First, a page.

Friday, 28 September 2007

Kyoto and Himeji

Kyoto Steam Locomotive Museum

My last day in Kyoto. Early breakfast, out at 7.50am, walk to nearest subway station and go downtown to Kyoto station. This time, I look at the modern atrium of the station building which caused quite a stir in this conservative city. First task was to make 'Shinkansen' reservations for a trip to Himeji today (Friday) and Hiroshima (Saturday).

Then I took myself off to the JR suburban platforms to find a train to nearby Tambaguchi. Smoking is now only allowed in 'designated' areas and it appears that the end of the suburban platform is one of them. So there's a crowd of people congregating on the platform until just before departure, when they all threw themselves on the train. It's only a few minutes to the first station and I start walking towards Umekoji Park where the Steam Locomotive Museum is located. To get there, I pass the Central Wholesale Market which is huge and very active. Lots of battery electric trucks are buzzing around - modern versions of the old Lister truck - together with gas-powered fork lifts.

I get to the museum just before opening time, so I'm one of the first to be admitted. The old roundhouse has been turned into a museum and they've quite an assortment of large locomotives on display. One end of the shed is roped off. I think that's where they're actually doing work on locomotives and it looks like the original 'factory' end where maintenance would be done. The rest of the 'stalls' you can walk round and there's examples of all the standard Japanese types, as far as I can see. Although this is my first trip to Japan, I've seen a number of the types before because most of Thailand's locomotives were supplied from Japan. Outside, there's a demonstration line about 500m long. There's already a D51 'Mikado' in steam and hooked up to a couple of Emmett-looking semi-open coaches although the first trip is advertised for 11.0am. I can also see a 4-coupled shunter 'brewing up' in the roundhouse. First, I dash round the exhibits making photographs for later study. Despite the 3 foot 6 inch gauge, some of these locomotives are big.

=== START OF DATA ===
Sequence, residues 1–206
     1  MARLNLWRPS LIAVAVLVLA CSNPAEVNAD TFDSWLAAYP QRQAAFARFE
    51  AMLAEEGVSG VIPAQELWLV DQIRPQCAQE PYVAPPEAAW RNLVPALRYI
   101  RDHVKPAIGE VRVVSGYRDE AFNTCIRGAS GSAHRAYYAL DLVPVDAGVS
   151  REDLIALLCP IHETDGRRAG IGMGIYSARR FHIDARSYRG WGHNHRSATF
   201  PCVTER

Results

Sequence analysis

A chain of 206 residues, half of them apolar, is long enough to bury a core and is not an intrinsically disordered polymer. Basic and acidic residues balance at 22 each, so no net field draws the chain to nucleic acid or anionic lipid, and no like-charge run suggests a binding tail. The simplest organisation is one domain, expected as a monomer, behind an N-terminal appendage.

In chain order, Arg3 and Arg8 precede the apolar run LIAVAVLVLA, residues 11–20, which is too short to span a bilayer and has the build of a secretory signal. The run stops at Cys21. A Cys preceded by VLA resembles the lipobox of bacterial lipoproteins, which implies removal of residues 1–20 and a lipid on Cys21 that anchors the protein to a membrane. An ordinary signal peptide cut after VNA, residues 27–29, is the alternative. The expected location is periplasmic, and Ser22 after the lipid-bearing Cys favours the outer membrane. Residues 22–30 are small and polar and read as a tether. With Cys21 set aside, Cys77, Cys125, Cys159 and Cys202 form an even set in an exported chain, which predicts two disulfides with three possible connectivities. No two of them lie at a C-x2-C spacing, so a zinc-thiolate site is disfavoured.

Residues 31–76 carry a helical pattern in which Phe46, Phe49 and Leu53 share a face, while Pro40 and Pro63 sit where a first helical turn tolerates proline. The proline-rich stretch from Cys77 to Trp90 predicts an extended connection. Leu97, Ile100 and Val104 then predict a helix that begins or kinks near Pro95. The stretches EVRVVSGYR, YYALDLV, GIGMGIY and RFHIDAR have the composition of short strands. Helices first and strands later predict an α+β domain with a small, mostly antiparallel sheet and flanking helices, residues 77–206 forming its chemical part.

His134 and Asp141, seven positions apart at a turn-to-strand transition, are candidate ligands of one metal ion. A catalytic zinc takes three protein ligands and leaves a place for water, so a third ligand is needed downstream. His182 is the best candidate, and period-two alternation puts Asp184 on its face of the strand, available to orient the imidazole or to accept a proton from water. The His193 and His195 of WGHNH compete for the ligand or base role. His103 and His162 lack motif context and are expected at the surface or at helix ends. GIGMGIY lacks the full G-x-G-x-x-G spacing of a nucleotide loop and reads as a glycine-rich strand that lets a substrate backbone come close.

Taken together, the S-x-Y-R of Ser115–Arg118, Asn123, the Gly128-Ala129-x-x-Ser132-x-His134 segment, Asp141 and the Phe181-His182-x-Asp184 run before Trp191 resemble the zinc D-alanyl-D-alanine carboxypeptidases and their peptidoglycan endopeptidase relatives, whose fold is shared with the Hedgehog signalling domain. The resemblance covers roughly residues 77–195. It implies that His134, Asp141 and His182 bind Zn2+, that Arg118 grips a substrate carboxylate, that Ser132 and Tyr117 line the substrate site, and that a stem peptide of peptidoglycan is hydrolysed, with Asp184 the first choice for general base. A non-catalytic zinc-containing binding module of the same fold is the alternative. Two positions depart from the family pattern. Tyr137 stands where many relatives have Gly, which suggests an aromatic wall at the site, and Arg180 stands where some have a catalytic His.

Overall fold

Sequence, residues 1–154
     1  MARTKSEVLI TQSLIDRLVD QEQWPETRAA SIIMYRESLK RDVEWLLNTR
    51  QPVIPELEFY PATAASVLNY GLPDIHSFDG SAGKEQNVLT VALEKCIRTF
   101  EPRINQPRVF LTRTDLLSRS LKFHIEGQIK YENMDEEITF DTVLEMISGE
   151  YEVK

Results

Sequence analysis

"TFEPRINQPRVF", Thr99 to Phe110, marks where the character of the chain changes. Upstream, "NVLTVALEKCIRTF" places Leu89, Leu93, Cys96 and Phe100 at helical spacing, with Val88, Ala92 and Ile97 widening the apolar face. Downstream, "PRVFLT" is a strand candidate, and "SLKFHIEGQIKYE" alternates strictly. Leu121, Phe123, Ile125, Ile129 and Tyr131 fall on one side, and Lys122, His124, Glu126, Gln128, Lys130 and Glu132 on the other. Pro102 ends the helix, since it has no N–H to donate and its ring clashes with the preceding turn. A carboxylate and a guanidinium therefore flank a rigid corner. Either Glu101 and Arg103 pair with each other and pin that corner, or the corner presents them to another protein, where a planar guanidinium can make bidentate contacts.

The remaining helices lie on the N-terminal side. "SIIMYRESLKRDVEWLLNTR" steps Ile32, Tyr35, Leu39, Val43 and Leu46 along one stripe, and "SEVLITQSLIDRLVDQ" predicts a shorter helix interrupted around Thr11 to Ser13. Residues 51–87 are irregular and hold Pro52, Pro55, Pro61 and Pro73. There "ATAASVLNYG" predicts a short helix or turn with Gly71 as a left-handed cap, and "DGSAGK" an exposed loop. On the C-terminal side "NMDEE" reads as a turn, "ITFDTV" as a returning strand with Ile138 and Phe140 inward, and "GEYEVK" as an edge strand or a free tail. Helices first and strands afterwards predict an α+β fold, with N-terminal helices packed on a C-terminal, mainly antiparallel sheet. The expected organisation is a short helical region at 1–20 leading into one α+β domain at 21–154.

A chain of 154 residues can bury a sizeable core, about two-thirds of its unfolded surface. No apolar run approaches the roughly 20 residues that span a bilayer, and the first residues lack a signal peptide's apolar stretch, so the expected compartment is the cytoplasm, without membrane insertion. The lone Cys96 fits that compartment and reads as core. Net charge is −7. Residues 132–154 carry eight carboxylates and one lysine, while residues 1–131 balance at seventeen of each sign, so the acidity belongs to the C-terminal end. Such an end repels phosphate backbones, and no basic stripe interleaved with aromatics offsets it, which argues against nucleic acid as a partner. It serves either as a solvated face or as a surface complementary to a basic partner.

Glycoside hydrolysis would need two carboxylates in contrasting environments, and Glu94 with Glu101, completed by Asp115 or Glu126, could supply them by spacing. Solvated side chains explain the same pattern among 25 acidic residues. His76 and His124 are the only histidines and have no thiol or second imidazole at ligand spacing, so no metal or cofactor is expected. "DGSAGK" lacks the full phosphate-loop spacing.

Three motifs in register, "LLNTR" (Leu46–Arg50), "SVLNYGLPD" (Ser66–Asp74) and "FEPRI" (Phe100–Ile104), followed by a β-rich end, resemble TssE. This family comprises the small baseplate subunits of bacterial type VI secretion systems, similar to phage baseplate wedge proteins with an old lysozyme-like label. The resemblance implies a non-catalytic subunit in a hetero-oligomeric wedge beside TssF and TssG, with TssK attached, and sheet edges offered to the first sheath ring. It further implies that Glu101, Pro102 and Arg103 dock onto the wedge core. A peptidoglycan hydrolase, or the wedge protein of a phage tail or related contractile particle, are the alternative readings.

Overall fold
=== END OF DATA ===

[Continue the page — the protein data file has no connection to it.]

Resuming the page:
Although some of the earlier locomotives on show have got backhead injectors, later ones have water pumps. You'd think from looking that the injectors were British, but they bear an unfamiliar maker's mark. I imagine they date from the period when Japan was quite good at copying things but hadn't discovered it was good at designing as well. It was very hot today, so I can easily imagine that injectors, with their tendency to 'knock off' when warm, were a real pain.

I was surprised to find one 3-cylinder type, with two sets of outside motion and the inner valve worked by a conjugated motion. Now I wonder where they got that idea from?

There were some large parties of excitable primary school children on site so the train started running on the demonstration line early, presumably to accommodate them all. I took a ride on the 11.0am service. The engine was a bit overkill for the load of two coaches! A little later, they brought the little 0-4-0 onto the electric turntable, span it round about three times, presumably for effect, then it dashed about and parked next to the D51 on the demonstration train. I left the museum and walked a different way back to the station, through a different part of the market, which was noticeably quieter this time - wholesale markets tend to start early and finish early. I took a local back to Kyoto and wandered round the environs of the station before joining the 'Shinkansen' West to Himeji.

Himeji is a bustling, modern city (like most places in Japan) but it has a very famous Japanese-style castle. The castle is only about 1km from the station and once you're inside the castle grounds, the centuries seem to fall away and you could be living in the time of the Shogun. It's a spectacular place and I'm sorry my pictures don't do the place justice. I'm afraid there's a lot of climbing, so I was fairly done-in by the end, but it was well worthwhile. I walked back to the station and dozed on my way back to Kyoto. Subway and walk to get to the hotel, shower and then an evening meal.

Tomorrow, I move to Hiroshima area which is as far West as I go. I'm not sure whether I'll be able to get to the internet, so don't be surprised if I go quiet. On Monday I travel back to Tokyo, then I have to get up early Tuesday to fly home.

My pictures of Kyoto
Pictures of Japan's modern railways
Pictures of Kyoto Steam Locomotive Museum
Pictures of Himeji Castle